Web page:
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Organisms Reproductive and Population - Adaptations | 12th Zoology : Chapter 11 : Organisms Reproductive and Population

Chapter: 12th Zoology : Chapter 11 : Organisms Reproductive and Population


In biology, adaptation is a dynamic evolutionary process that fits organisms to their environment and enhancing their evolutionary fitness.


In biology, adaptation is a dynamic evolutionary process that fits organisms to their environment and enhancing their evolutionary fitness.

Adaptations can be a phenotypic or adaptive trait with a functional role in each individual organism that is maintained and has been evolved by natural selection. The adaptive traits may be structural adaptation, behavioural adaptation and physiological adaptation.


a) Structural adaptations

The external and internal structures of animals can help them to adapt better to their environment . Some of the most common examples are mammals growing thicker fur to survive freezing climates. Some of the most attractive adaptations in nature occur for reasons of crypsis (e.g. camouflage) and mimicry. Cryptic animals are those which camouflage perfectly with their environment and are almost impossible to detect. Certain reptiles and insects such as chameleons and stick insects show this type of adaptation, which helps in prey capture or to evade from predators. Likewise, horse legs are suitable for fast running and adapted for grasslands and similar terrestrial environments.


b) Behavioural adaptations

Action and behaviour of animals are instinctive or learned. Animals develop certain behavioural traits or adaptations for survival. Fleeing from a predator, hiding during sleep, seeking refuge from climate change or moving to find different food sources are all behavioral adaptations. The two most characteristic forms of behavioral adaptations are migration and courtship. Migration allows the animals to find better resources or evade threat. Courtship is a set of behavioral patterns to find a mate to reproduce. Most nocturnal animals remain underground or inactive during daytime. This is a modification of their feeding and activity pattern or habit or behaviour.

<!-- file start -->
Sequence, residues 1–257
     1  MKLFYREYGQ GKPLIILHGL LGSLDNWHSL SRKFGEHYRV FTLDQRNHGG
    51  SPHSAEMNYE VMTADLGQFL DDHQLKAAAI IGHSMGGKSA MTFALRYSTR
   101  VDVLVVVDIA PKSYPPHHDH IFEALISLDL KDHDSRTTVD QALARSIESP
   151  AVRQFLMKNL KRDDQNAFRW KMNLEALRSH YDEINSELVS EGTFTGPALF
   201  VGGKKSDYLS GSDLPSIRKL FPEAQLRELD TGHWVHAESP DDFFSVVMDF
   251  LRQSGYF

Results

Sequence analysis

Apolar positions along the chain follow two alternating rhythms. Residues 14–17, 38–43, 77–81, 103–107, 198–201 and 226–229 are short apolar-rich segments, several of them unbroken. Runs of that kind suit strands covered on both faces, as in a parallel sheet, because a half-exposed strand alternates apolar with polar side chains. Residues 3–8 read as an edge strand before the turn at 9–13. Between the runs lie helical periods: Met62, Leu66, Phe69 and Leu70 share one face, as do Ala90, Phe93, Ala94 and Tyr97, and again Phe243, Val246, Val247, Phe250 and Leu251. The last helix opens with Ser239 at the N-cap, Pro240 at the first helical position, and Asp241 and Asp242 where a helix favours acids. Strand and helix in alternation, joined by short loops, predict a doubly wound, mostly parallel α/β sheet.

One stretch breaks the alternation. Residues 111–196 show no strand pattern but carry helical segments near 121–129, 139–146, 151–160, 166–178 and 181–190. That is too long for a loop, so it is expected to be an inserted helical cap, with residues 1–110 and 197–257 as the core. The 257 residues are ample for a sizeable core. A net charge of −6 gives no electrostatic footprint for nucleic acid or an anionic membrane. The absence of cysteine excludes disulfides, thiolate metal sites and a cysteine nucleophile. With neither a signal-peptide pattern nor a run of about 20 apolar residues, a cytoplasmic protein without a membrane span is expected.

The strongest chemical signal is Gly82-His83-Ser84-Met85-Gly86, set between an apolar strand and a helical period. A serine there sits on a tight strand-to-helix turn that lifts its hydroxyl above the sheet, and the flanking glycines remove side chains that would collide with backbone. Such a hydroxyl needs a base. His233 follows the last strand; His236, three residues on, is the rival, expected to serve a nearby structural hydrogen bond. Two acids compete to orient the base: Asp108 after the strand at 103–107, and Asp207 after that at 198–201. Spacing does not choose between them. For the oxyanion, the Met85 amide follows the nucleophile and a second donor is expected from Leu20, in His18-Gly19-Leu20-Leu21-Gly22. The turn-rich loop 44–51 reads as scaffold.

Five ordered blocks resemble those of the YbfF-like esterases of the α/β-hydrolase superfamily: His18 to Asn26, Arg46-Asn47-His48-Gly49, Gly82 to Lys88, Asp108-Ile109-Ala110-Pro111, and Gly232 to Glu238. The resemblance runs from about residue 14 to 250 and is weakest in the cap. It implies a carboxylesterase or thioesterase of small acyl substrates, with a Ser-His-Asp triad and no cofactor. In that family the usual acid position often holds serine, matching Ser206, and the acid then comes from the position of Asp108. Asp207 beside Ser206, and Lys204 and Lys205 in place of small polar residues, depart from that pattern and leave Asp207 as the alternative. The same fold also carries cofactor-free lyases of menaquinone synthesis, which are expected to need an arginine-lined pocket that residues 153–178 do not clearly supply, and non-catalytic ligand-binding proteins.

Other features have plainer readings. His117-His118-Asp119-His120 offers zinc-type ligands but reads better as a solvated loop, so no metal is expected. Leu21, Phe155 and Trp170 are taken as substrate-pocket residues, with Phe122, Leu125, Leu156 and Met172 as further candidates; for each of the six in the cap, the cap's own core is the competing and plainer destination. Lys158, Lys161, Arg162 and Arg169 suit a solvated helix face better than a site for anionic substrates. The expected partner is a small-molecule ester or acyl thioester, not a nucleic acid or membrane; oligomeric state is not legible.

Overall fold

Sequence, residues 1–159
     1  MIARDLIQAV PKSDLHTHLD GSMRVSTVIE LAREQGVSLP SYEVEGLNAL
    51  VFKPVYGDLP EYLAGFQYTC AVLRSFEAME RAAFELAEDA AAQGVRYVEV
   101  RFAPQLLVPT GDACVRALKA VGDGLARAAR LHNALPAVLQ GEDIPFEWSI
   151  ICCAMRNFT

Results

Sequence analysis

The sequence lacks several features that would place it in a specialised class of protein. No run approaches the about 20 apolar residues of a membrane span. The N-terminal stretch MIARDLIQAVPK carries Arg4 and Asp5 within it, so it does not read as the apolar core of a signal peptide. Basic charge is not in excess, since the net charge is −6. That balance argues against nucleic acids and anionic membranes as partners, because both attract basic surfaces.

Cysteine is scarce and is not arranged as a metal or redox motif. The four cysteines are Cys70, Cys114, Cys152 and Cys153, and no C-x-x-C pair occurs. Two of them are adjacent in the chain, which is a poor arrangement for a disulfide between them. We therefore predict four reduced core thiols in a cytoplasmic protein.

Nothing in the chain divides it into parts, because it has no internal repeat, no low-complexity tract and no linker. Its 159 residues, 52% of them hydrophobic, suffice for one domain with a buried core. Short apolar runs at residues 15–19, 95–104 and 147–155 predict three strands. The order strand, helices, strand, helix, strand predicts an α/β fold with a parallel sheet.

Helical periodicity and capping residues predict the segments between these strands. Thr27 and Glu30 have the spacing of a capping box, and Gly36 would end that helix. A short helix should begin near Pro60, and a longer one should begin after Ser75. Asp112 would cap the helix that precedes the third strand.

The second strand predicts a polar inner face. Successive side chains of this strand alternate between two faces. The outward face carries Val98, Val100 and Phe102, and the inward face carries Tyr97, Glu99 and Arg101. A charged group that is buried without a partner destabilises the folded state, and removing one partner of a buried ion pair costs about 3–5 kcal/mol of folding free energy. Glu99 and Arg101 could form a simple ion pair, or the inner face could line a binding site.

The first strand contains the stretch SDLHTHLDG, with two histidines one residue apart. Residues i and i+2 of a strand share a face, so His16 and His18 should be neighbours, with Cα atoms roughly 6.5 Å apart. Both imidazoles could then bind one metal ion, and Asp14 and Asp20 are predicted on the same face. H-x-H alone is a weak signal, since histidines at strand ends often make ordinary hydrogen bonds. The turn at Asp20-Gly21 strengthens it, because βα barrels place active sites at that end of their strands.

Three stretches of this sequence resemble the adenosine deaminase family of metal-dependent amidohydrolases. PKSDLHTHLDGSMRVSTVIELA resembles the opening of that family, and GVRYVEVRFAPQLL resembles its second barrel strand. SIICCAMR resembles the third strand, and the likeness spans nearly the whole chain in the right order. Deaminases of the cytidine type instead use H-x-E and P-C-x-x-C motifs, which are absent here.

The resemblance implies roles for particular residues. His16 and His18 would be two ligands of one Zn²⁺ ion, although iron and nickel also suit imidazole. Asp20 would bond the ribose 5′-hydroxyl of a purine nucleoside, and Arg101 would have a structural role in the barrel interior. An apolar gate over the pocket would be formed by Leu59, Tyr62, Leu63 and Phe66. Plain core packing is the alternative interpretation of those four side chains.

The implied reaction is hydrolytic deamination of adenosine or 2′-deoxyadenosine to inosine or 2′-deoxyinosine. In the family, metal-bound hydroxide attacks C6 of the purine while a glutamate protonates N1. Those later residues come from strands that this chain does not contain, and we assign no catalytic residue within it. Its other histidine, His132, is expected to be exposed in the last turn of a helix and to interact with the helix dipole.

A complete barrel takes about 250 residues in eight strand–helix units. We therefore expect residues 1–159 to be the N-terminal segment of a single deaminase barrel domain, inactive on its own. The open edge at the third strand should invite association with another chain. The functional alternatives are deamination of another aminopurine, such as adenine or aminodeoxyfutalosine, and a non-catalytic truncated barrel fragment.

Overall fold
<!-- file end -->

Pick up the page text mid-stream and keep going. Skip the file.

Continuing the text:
Ethology is the scientific study of animal behaviour, under natural conditions.


c) Physiological adaptations

These are adaptations of organisms that help them to live and survive in their environment with unique niches. Example: Lions have sharp canines to hunt and tear meat and a digestive system suitable for digesting raw meat. The two most well-known physiological adaptations are hibernation and aestivation. These are two different types of inactivity where the metabolic rate slows down so much that the animal can survive without eating or drinking. Aquatic medium and terrestrial habitats have their own respective environmental conditions. Hence organisms have to evolve appropriate adaptations to select suitable habitats and niches.


Adaptations of aquatic animals


1.                 The pectoral fins and dorsal fins act as stabilizers or balancers and the caudal fin helps in changing the direction as a rudder.

2.                 Arrangement of body muscles in the form of bundles (myotomes) help in locomotion.

3.                 Stream lined structure helps in the swift movement of the animals in water.

4.                 Respiration by gills making use of gases dissolved in water.

5.                 Presence of air-bladders filled with air for buoyancy.

6.                 Presence of lateral-line system. They function as rheoreceptors which is helpful in echolocating objects in water.

7.                 Integuments rich in mucous glands are protected by scales.

8.                 Maintain water and ionic balance in its body with excretory structures.


Adaptations of terrestrial animals


1.                 Earthworms, land Planarians secrete a mucus coating to maintain a moist situation for burrowing, coiling, respiration, etc.,


2.                 Arthropods have an external covering over the respiratory surfaces and well-developed tracheal systems.


3.                 In vertebrate skin, there are many cellular layers besides the well protected respiratory surfaces that help in preventing loss of water.


4.                 Some animals obtain their water requirement from food as partial replacement of water lost through excretion.


5.                 Birds make nests and breed before the rainy season as there is availability of abundant food. But during drought birds rarely reproduce.


6.                 Camels are able to regulate water effectively for evaporative cooling through the skin and respiratory system and excrete highly concentrated urine, and can also withstand dehydration up to 25% of their body weight.

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